The State of IoT Security
Speaking with Geektime last year, Comcast SVP and Chief Product and Information Security Officer Noopur Davis remarked that, 'There’s a lot of bad practices out there,” giving the industry its fair share of the blame for the current state of security affairs.'
While the defenses against complex attacks are growing, because of legacy software that is built on commonly used open source code, many products and systems are vulnerable to very basic attacks that were popular 20 years ago.
'We see a lot of the same old stuff [on the attacker’s’ side] that we’ve been seeing forever,' says Davis. 'In the early 2000s, they produced these ‘Top 10’ lists like the ‘Top 10 Most Common Vulnerabilities That Hackers Exploit.’ And, so what is it now? Sixteen years later, most of those items on that Top 10 list are still the same: Buffer overflows, SQL injection, cross-site scripting. It’s just amazing!'
'I hear a lot more about ransomware now,' she says regarding trends in the way hackers attack. 'It’s not just that ‘I’ll publish your secrets!’ but ‘Give me money and I won’t publish them.’ I’m reading about those trends, but the exploits themselves? It’s the same dang stuff over and over again. Some old code running on some machine somewhere and you just have to figure out which one of the standard exploits will work. Our job is to just make that harder and harder to do.'
Hackers know that if there is a flaw in a particular library of commonly used open source, then they have an increased chance of being able to use it to exploit the different companies that are using it. This is where bug tracking systems can be a real thorn in their sides. When it works correctly, bug tracking allows the users of open source software to report vulnerabilities in the libraries that they are using, alerting other developers to the dangers and flagging it for repairs.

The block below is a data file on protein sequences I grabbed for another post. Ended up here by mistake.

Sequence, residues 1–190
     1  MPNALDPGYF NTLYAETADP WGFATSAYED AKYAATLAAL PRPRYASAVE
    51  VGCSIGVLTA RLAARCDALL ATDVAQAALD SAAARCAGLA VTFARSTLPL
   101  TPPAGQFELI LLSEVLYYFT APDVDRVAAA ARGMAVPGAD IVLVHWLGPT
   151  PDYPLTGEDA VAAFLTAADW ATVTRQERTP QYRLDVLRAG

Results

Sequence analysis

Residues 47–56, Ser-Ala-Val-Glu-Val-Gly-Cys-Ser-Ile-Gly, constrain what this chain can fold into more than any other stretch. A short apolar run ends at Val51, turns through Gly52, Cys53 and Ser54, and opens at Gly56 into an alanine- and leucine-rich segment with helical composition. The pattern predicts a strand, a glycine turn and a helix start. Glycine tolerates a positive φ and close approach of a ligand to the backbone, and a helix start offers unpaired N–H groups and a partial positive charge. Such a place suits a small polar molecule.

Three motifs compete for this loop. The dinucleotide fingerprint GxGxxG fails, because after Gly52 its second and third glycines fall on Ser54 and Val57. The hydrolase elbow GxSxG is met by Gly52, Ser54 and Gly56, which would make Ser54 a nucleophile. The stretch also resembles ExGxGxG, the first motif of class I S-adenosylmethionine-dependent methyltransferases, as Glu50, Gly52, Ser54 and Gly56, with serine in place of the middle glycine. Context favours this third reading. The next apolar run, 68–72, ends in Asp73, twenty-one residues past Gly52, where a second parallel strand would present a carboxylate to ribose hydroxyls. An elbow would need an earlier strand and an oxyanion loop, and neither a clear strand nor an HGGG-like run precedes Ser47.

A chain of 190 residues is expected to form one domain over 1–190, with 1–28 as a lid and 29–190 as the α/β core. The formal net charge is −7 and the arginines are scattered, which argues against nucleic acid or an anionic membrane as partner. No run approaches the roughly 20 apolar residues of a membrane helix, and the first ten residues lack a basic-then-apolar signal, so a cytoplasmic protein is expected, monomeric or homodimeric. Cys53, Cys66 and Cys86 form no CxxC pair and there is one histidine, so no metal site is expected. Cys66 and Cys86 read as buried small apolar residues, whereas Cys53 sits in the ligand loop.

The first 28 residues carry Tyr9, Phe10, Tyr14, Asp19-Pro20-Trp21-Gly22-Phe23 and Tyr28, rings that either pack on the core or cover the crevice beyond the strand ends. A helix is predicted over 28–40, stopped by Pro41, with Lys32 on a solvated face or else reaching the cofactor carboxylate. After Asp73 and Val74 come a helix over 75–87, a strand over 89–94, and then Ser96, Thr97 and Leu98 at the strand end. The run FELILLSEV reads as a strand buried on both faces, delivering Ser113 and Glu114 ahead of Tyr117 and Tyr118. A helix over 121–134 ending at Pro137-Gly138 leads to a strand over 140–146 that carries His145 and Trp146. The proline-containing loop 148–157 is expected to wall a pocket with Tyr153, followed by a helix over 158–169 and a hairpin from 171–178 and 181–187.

With any luck, a team can catch these bugs early in their process before their code is out the door. If not, they can at least issue the proper patch in the next update without disturbing their users.
The way forward for safer IoT development
By drawing on the power of the crowd, uncovering these hidden landmines becomes considerably less labor intensive for individual teams, as long as developers remember to use the tools that help them stay on top of any changes to the security of the libraries that they are using in their products.
While perhaps a bit optimistic, ensuring that the future of IoT is built on open source could actually serve an additional public good. The expected wave of new players that will enter the IoT space coming from other sectors like traditional manufacturing will lack some of the basic knowledge about how to handle security. After all, who ever tried to hack a coffee machine before?
Either way, since open source components are such a big part of IoT development, companies need to make sure they invest in open source security practices to reduce their own risk, as well as the risk to others if hackers take control of their poorly secured devices. This concern could become more important as vendors are likely to be expected to take greater responsibility for their product’s security by the increasingly security-conscious public.
Especially in the consumer space, the rollout of IoT has remained fairly restrained, with the industry still looking for ways to overcome their justifiable security concerns. If the sector is to meet the grand expectations set forth by Gartner and Cisco, then they will need to seek out scalable and effective solutions to deal with open source security vulnerabilities and make sure IoT lives up to expectations without putting consumers at risk.